A stepparent might say to his stepchild: "I will never take the place of your dad. His place in your heart is permanent. You have a big heart. Sometime, I hope there will be room in it for me. Even then, it will be a different place from your dad's place."

Further, expect civility-but not love. We can expect stepparents and stepchildren to treat each other with respect and decency. We cannot, however, demand love of people who did not choose each other. A parent might say to her son: "You have a right to be upset with all these changes. I will really try to listen. But you do need to be respectful to Mike, like any other stranger."

Recognize that Stepparents are Not Parents

Children benefit when stepparents can help parents become firmer. Biological parents need to help stepparents become more kind. However, stepchildren cannot initially accept any parenting from stepparents. The parent must remain in charge until children are ready. Stepparents can give input, but the original parent retains final say. Stepparents may consider expressing caring and encouragement: "How was that test?" And reporting concerns to the parent: "I think Johnny didn't do his homework." When parents are absent, stepparents aim for "adult babysitter," not parent. "While I am out tonight, Mike is in charge." Stepparents then enforce the rules of the house.

The "Other" Household

Decrease conflict with the "other" household. Parental conflict seriously compromises children's adjustment. Keep drop-offs and pickups peaceful. Handle differences between households calmly and neutrally: "You drink Coke at mom's house. We drink milk here." Address problems with your ex out of children's earshot. In conflicted divorces, stick to a detailed, iron clad visitation schedule.

A Therapist Can Help

Therapists with training and experience in stepfamily dynamics can help meet the challenges of stepfamily living. Couple therapy can offer a safe place to share feelings and can help resolve differences. A skilled therapist can sometimes help ex-spouses work together. If the children's behavior deteriorates, try increasing parent-child time, backing the stepparent out of a parenting role, and easing loyalty conflicts. If depression or acting out continues, seek help for your child, or for you as the parent. Children caught in intense loyalty conflicts sometimes appreciate a neutral therapist. Stepfamily living occasionally exposes very painful old "bruises." A good therapist can help resolve some of the old hurts and make living in the present easier.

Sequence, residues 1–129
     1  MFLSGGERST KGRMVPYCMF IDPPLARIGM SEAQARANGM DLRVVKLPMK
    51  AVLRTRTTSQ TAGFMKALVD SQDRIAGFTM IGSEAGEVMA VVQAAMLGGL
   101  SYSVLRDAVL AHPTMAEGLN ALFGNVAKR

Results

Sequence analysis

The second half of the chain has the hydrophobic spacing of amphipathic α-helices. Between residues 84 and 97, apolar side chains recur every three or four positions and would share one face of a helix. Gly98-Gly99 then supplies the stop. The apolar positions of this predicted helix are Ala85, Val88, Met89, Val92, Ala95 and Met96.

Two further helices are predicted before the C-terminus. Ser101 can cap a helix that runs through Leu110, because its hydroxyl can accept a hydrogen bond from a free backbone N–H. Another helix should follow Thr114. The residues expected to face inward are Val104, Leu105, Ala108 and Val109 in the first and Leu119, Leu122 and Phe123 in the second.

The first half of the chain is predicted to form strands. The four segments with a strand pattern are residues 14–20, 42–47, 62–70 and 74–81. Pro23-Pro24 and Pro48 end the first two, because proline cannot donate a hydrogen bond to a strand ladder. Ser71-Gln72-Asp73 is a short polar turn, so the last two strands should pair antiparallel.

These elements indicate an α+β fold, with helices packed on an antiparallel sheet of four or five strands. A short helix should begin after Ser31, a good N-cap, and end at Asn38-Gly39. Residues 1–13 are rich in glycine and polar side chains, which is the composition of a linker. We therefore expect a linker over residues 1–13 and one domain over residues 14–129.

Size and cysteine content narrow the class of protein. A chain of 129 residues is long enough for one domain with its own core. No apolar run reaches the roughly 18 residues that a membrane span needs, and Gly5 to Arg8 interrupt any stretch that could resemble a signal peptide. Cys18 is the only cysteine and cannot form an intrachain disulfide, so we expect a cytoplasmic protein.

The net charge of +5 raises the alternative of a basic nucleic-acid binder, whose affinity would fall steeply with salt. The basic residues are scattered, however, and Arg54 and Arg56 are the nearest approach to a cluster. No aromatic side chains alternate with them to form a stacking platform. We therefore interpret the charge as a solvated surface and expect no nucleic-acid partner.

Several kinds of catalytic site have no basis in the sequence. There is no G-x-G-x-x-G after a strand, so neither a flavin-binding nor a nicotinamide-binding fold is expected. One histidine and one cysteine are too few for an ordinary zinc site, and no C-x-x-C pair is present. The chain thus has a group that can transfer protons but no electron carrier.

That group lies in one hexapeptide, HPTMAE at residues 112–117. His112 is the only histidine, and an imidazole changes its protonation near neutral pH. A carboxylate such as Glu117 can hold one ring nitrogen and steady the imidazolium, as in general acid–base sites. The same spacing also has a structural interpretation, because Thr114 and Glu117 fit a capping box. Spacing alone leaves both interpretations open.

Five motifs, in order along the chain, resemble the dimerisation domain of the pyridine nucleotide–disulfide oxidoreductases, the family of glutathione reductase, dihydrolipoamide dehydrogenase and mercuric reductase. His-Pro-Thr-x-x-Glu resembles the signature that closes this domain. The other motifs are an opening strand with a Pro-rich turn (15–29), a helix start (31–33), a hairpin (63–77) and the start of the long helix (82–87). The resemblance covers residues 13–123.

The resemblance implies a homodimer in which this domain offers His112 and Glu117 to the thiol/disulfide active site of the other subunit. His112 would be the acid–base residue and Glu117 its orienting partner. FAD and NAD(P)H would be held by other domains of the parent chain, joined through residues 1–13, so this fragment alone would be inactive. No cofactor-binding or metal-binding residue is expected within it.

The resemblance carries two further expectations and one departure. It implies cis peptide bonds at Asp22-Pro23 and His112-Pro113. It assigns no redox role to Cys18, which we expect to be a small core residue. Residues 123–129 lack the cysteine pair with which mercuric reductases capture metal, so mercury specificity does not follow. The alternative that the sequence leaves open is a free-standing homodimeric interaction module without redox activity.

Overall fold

The text was written by Patricia L. Papernow, EdD.


Becoming a Stepfamily: Patterns of Development in Remarried Families, by P. L. Papernow, 1998. Hillsdale, NJ: Analytic Press.

Custody Chaos, Personal Peace: Sharing Custody with an Ex Who is Driving You Crazy, by J. P. Wittman, 2001. NY: Penguin.

How to Talk So Kids Will Listen and Listen So Kids Will Talk, by A. Faber and E. Mazlish, 1980. New York: Avon Books.

Mom's House, Dad's House: Making Two Homes for Your Child, by I. Ricci, 1997. NY: Simon Schuster.

Stepfamilies: Love, Marriage and Parenting in the First Decade, by J. Bray and J. Kelly, 1999. New York: Broadway Books.

Why Marriages Succeed or Fail: What You Can Learn from the Breakthrough Research to Make Your Marriage Last, by J. Gottman, 1994. NY: Simon and Schuster.